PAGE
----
good for other classes.
    Carnival Field 3&4
    Accomodates: 2-4 people
    Terrain type: Path of Time
    Default Summons: Trojans, Robos
    Split Map: Yes
    Description: the maps are shorter, and the two parties cannot interact with
     each other (though they can see each other near the middle of the big map).
     Still flat terrain with pillars on safe platforms above. Suitable for mobby
     classes, particularly warriors. Archers with strong mobbing skill can also
     shine here, as with lit mages.
    Carnival Field 5&6
    Accomodates: 3-6 people
    Terrain type: Toy workshop
    Default Summons: Rombots, Robos (neutral)
    Split Map: No
    Description: The map is composed of the bottom (where Rombots roam) and the
     upper aerial plats. The robos on the aerial plats are special, in that they
     don't belong to a particular group and can be killed by anyone. They're also
     not affected by buffs from any parties. Additional summoned mobs and pillars
     all appear on the aerial plats. Most people can find something they can do in
     this field.
    Sectino 5 - The end of the game
    During the game, on the top left corner you will see three CP amounts - the CP
    You have/earned; the CP your team have/earned, and the CP your opponents have/
    earned. Once the 10 minute session is over, the party that have EARNED the most
    amount of CP wins. It is not determined by the amount of CP they have at the
    end of the game. (This is why you should not hoard CP for the sake of it)
    Now, regardless of whether you win or lose, you will be gaining some exp. Upon
    exiting, Spiegelmann will rank your team's performance. The lowest rank I've
    seen is D, but I suppose F is possible if you have 0 CP by exit. Your exp gain
    will be determined by the rank. For the losing team:
    F Rank - 0 exp (?)
    D Rank - 1000 exp
    C Rank - 7000 exp
    B Rank - 8500 exp
    A Rank - 10000 exp
    The winning party will get triple the amount, so if you win with A rank, 30000
    exp will be yours (and everyone in your party's). You will then be outside,
    where you're free to have a rematch or find another oponent, reform your party,
    et cetera.
    Section 6 - Maple Coins
    One thing you will quickly notice is that Maple Coins is something that doesn't
    get used outright as you pick it up (since you can't really use it, per se),
    and can actually be carried outside. What to use them for, you ask? Well, you
    can trade them with Spiegelmann for stuff. The cheaper option is to trade them
    for various level 35-50 weapons. A list:
    Name- Coins
    Jeweled Katar-20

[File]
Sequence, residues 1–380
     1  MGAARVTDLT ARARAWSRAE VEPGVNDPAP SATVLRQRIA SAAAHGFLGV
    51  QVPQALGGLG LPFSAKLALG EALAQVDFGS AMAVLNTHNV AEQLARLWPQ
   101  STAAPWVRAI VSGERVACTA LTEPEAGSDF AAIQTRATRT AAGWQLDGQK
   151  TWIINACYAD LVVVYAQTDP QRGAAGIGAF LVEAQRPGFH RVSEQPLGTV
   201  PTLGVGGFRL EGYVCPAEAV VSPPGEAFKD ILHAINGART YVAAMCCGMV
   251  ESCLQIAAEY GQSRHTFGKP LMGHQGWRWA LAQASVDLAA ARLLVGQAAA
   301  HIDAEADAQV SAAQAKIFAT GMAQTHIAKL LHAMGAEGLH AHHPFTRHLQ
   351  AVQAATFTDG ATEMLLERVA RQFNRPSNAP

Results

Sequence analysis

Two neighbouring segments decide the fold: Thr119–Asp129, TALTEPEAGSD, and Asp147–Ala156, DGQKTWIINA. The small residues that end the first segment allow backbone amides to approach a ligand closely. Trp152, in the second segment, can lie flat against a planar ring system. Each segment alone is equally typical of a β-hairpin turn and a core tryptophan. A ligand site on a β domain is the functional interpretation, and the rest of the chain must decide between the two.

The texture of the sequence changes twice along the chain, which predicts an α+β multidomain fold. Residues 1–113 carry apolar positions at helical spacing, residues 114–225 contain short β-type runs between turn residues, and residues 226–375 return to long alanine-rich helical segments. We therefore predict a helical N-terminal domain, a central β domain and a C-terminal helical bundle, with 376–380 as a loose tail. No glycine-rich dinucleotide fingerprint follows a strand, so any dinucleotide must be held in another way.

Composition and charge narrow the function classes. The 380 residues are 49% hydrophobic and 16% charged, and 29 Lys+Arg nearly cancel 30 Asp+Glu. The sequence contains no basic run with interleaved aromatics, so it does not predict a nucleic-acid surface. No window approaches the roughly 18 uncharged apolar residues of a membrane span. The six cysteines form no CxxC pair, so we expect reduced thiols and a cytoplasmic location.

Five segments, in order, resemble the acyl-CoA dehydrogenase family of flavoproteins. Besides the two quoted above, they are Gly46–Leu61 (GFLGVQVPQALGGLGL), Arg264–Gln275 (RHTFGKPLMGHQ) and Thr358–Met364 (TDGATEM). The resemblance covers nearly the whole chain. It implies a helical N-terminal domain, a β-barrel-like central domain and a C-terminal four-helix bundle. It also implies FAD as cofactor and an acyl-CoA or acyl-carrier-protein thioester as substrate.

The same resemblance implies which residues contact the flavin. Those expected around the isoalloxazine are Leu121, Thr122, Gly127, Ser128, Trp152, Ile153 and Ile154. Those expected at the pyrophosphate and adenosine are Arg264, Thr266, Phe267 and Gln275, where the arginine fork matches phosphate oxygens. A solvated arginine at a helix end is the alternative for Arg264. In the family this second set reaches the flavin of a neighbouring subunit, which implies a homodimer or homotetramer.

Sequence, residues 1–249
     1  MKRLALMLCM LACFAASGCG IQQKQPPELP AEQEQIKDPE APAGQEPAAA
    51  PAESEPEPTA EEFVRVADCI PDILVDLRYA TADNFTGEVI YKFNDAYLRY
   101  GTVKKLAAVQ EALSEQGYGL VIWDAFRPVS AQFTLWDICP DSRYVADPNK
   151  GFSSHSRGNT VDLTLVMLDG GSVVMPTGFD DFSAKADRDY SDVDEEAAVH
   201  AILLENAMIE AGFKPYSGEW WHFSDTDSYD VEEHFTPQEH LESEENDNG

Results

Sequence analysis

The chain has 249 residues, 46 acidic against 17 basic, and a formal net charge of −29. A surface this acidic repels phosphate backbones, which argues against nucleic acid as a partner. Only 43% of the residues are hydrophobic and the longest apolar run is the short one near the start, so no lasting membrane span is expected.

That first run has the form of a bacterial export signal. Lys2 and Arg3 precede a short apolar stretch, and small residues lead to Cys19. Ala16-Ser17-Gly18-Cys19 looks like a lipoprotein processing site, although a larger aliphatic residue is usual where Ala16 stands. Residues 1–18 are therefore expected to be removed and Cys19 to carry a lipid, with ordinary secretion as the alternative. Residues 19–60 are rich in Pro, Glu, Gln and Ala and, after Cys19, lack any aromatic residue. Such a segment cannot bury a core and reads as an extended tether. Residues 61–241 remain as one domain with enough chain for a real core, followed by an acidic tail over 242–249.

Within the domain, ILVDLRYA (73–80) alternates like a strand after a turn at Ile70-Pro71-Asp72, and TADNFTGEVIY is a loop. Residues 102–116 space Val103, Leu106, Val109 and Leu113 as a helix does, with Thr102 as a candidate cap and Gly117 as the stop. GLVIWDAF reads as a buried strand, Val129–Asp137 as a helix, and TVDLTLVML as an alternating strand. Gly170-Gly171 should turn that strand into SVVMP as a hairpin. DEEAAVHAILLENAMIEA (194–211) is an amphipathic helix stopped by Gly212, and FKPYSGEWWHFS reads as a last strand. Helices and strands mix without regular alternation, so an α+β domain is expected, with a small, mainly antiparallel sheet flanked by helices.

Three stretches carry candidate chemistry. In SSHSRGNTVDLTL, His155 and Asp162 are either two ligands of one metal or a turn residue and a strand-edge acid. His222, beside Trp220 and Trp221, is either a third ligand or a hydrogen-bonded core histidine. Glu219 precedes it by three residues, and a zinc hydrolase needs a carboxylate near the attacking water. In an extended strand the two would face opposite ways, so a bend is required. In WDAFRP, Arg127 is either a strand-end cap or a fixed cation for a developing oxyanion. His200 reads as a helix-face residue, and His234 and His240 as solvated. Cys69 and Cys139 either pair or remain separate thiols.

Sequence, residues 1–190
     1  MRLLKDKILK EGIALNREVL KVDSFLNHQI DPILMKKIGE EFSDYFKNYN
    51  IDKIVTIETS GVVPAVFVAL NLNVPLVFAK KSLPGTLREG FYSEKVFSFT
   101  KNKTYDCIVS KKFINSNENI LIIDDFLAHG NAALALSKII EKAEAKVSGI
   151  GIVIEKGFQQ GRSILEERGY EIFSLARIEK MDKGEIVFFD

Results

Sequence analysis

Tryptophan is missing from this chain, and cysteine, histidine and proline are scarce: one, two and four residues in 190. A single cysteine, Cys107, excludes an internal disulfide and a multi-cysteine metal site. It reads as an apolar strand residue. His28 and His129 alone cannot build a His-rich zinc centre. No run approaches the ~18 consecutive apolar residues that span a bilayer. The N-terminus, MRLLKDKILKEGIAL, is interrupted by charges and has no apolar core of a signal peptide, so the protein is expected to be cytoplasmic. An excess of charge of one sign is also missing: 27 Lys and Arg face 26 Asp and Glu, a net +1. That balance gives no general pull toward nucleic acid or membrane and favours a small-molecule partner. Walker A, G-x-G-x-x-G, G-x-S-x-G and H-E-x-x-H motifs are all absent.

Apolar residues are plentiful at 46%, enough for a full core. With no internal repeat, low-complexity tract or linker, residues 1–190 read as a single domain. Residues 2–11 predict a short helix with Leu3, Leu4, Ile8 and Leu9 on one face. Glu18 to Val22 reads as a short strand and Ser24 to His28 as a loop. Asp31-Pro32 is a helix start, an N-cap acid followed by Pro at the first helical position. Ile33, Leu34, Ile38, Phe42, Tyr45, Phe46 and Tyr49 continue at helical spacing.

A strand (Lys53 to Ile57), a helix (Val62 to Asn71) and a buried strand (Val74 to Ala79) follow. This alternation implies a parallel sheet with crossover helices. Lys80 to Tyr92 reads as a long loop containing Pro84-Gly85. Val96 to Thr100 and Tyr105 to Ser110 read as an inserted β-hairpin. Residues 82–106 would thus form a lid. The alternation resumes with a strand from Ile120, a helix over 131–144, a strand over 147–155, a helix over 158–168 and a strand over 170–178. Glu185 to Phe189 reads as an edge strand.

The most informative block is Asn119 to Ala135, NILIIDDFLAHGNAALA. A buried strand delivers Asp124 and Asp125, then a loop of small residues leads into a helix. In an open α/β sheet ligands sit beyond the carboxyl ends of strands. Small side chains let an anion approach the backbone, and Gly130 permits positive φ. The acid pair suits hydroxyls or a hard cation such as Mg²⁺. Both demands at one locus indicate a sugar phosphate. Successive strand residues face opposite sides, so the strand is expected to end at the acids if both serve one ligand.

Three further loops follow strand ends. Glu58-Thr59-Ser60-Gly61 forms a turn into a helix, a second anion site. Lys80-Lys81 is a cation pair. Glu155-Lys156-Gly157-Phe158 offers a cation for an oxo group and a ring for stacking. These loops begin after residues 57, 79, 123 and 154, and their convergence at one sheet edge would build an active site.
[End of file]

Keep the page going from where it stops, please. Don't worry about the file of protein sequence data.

Lion's Fang-20
    Blue Counter-10
    The Rising-20
    Heavy Hammer- 7
    Knuckle Mace-20
    Golden Mole- 20
    Axe Pole Arm-7
    Crescent Polearm-10
    The Nine Dragons- 20
    Serpent's Tongue-20
    Wizard Wand-7
    Petal Staff-7
    Crystal Wand-10
    Hall Staff-10
    Arc Staff-20
    Red Viper-7
    Vaulter 2000-10
    Silver Crow-10
    Dark Guardian-7
    Dark Avarice-10
    Dark Slain-20
    These are basically copy pasted from DracoNova's guide on sw.net, because I'm
    too lazy to rewrite it.
    The REAL prize, however, is the pendant Spiegelmann has. It's a common class
    equipment with a required level of 30. It has the following stats:
    +1 Str (0-3)
    +1 Dex (0-3)
    +1 Int (0-3)
    +1 Luk (0-3)
    +27 def (26-29)
    +27 mdef (26-29)
    3 slots available
    To get one, you need 50 coins. Also, the "scrolls" you use on it is also from
    Spiegelmann, which would be his marbles. THey're 40 coins each and unlike the
    pendant, the marbles are not tradable. Each marble has a 60% chance of
    working, and gives 30 HP and MP if successful.
    As the only other pendant in GMS is Horntail's Pendant, which I highly doubt
    will even exist legitly for quite a while to come, expect everyone and their
    grandma to do the carnival for a while.
    Section 7 - Strategies and Tips
    So, you've gotten the hang of the carnival, and now you want to win, huh?
    Well, having a strong party is important in winning. It's a real no-brainer.
    However, how you spend your CP is just as important. Here's a point form list
    of things I can think of:
    -Don't be an idiot and break your own team's buff.
    -Use CPs. Seriously.
    -Don't bother summoning Teddies and stuff. They'll just get walloped quickly
     and give your opponent more CP and drops (which can be bad if they're CP orbs
     or cubes).
    -Master Chrono is a very good summon. It has quite a bit of power, and can
     make pillar breaking difficult as it can knock someone off a ladder over and
     over again. Also, it has inherently good avoid, so avoid up tends to do a bit
     more with it than others. Great for against warriors.
    -Trojans, while being relatively weak, is also not a bad summon. It rams pretty
     fast, cannot be knockbacked by MISS, and also has good avoid. Trojan + Speed
     up + Weakness = assassins (and low level bowmen) neutralized.
    -Rombots are useful against low levels because it takes a while to go down and
     deals good damage. However, don't bother if your opponent has a cleric or a
     good number of high levels, because you'll be giving a lot of CP to the other
    -Do take note, however, that summoning mob is inherently double-edged. Sure,